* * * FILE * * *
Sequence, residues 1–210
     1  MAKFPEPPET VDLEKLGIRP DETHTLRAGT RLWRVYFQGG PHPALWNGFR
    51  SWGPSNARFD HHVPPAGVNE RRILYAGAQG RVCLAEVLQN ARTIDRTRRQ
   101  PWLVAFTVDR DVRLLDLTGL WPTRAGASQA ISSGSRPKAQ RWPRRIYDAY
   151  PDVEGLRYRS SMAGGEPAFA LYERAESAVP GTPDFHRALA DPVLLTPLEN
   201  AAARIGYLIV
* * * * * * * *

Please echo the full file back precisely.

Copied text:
Sequence, residues 1–210
     1  MAKFPEPPET VDLEKLGIRP DETHTLRAGT RLWRVYFQGG PHPALWNGFR
    51  SWGPSNARFD HHVPPAGVNE RRILYAGAQG RVCLAEVLQN ARTIDRTRRQ
   101  PWLVAFTVDR DVRLLDLTGL WPTRAGASQA ISSGSRPKAQ RWPRRIYDAY
   151  PDVEGLRYRS SMAGGEPAFA LYERAESAVP GTPDFHRALA DPVLLTPLEN
   201  AAARIGYLIV